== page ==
Chuck McConvey said...

Interesting. I was not close to my mother but it was because of things sheb did not tell me. She lied to me about my birth father for yers, including telling me he died 20 years before he actually did. Dunno whatv she was afraidn of but she she bis dead now and so it will never be resolved.

nick said...

Tammy: It's great that you and your mother told each other everything. It must have been a huge loss indeed when she died.

Chuck: Yes, what was she afraid of? Why couldn't she just tell you the truth? I suspect my mother also fudges things for some strange personal reason.

John Gray said...

You went to pride! Way to go xxxxx

John Gray said...

I never told my mother I was gay

CheerfulMonk said...

My mother and I were close because we loved one another and I was supportive of her and a good listener. She wasn't interested in the things that I was passionate about, and after a few, "I wouldn't do that if I were you" or other disapproving sounds, I stopped talking about them and continued going my own path. As I've said before, I was so grateful that I could help nurse her as she was dying. So I disagree that we have to share everything to be close.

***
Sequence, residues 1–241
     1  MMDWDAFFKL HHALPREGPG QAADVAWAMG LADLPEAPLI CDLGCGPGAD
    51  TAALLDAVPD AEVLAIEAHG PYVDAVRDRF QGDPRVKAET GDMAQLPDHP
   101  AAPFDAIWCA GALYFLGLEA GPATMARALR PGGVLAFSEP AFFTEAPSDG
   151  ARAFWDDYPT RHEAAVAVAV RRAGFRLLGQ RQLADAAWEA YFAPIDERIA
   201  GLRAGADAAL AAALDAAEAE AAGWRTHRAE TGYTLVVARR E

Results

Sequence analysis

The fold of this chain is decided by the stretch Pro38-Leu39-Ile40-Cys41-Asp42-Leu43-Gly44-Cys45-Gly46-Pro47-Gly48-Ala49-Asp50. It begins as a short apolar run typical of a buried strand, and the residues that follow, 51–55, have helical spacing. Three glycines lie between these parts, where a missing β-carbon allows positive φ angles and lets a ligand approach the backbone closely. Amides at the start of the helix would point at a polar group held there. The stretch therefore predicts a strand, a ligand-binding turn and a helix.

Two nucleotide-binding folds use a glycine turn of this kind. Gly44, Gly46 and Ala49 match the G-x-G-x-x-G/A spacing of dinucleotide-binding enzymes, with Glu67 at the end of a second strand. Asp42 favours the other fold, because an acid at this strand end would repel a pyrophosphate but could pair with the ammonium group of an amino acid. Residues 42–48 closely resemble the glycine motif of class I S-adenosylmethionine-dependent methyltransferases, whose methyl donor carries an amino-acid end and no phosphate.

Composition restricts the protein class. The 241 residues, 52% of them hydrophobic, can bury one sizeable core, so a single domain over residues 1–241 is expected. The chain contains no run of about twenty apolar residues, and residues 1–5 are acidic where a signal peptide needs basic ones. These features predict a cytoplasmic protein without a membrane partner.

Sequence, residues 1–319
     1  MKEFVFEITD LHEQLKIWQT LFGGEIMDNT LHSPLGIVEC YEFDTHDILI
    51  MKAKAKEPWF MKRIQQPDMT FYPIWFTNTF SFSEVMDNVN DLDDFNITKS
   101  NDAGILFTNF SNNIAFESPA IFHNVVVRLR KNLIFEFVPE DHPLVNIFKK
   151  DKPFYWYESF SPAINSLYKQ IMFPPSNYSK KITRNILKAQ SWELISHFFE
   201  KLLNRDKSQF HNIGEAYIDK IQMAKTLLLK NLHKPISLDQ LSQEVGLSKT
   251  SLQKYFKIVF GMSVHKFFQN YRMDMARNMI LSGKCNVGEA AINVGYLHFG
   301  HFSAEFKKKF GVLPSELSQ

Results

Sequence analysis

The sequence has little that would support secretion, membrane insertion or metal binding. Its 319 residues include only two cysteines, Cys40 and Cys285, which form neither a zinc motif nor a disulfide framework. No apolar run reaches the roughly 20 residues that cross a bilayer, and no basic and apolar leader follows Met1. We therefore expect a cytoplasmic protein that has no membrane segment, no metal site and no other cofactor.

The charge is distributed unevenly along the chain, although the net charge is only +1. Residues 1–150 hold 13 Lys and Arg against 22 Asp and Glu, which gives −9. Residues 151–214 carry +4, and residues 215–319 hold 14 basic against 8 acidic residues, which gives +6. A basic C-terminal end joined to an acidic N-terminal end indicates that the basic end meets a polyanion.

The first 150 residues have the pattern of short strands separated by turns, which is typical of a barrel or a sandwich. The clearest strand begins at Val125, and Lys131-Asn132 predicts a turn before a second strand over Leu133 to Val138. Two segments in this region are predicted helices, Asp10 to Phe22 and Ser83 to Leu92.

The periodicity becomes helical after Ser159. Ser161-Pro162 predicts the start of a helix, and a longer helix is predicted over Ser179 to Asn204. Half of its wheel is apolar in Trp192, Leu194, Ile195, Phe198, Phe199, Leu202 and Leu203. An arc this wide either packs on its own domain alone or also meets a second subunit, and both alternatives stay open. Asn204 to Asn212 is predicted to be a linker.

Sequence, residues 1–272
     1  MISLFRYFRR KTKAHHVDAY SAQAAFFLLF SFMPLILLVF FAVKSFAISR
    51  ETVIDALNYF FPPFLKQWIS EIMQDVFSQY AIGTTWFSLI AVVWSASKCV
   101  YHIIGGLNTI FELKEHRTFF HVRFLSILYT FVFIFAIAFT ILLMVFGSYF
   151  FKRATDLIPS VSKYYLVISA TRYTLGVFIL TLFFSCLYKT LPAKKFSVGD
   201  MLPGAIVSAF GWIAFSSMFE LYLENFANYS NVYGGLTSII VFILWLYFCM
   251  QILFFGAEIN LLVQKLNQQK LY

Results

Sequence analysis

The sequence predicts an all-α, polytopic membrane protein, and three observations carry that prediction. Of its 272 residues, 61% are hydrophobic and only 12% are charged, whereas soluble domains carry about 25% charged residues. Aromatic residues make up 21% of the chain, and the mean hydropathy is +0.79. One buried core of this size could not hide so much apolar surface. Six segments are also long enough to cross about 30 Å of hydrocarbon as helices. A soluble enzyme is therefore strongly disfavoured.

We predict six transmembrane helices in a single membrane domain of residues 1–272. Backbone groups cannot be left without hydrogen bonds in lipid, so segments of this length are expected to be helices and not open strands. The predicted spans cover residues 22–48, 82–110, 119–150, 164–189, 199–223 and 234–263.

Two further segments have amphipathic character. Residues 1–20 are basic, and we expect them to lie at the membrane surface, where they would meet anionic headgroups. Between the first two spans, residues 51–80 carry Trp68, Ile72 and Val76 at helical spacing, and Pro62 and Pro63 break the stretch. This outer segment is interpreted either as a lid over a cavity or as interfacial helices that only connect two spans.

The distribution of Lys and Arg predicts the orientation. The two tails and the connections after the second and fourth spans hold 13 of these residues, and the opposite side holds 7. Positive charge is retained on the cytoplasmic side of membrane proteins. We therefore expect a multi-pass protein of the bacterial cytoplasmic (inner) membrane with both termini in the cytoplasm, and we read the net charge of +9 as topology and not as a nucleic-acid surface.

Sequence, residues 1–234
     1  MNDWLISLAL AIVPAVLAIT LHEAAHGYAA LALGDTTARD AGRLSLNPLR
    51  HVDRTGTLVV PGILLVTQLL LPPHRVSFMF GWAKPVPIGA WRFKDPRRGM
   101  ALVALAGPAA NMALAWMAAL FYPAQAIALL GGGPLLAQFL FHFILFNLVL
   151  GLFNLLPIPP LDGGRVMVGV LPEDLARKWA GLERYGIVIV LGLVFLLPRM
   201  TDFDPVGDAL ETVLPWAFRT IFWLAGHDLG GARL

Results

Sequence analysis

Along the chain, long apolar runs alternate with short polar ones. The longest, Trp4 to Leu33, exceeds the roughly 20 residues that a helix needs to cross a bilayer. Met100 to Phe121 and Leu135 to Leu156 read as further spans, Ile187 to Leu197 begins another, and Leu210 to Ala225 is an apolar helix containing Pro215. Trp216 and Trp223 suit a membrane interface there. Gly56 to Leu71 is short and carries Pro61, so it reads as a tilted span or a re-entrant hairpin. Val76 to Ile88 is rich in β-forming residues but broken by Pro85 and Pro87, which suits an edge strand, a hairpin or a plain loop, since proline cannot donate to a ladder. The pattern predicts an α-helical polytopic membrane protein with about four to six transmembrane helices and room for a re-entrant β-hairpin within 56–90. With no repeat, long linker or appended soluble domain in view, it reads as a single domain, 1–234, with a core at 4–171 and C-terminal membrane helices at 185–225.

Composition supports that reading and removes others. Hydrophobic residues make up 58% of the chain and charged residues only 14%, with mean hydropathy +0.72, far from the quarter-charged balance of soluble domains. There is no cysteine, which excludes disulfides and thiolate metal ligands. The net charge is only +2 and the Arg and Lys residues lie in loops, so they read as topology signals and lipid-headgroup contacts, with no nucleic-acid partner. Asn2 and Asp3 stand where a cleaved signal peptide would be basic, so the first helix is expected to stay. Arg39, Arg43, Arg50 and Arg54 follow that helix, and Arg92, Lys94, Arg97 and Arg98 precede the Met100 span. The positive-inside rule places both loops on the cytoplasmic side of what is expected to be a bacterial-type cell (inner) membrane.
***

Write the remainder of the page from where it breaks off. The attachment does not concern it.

kylie said...

I'm pretty certain my mother is single-handedly resurrecting the inquisition and even now when I am almost 47 she will ask invasive questions and expect to have them answered. I am not great at evasion and even worse at straight up lying so it is always very uncomfortable

nick said...

John: I've been to Pride a number of times, including here in Belfast. But my mum no doubt thinks "they should keep it to themselves and not broadcast it".

Jean: Yes, it's possible to be close without a lot of personal sharing. It's good that you and your mother loved each other despite the mutual reserve.

nick said...

Kylie: That sounds awful. Why can't she simply mind her own business? Perhaps you should just tell her she's being too inquisitive and you're not going to answer?

Rummuser said...

Yes, I too was quite reticent with my parents till I was an adult and standing on my own feet. While I never was communicative with my father, I was quite open with my mother about every aspect of my life as she was with me. Towards the end of his life, my father had come to live with me and during that period, many things that were not known to him were made known to him by me as well as my siblings. He was in quite some shock that his children went through such events / experiences and thoughts. it enabled him and one brother and me to resolve some long standing issues and make peace with each other before he died.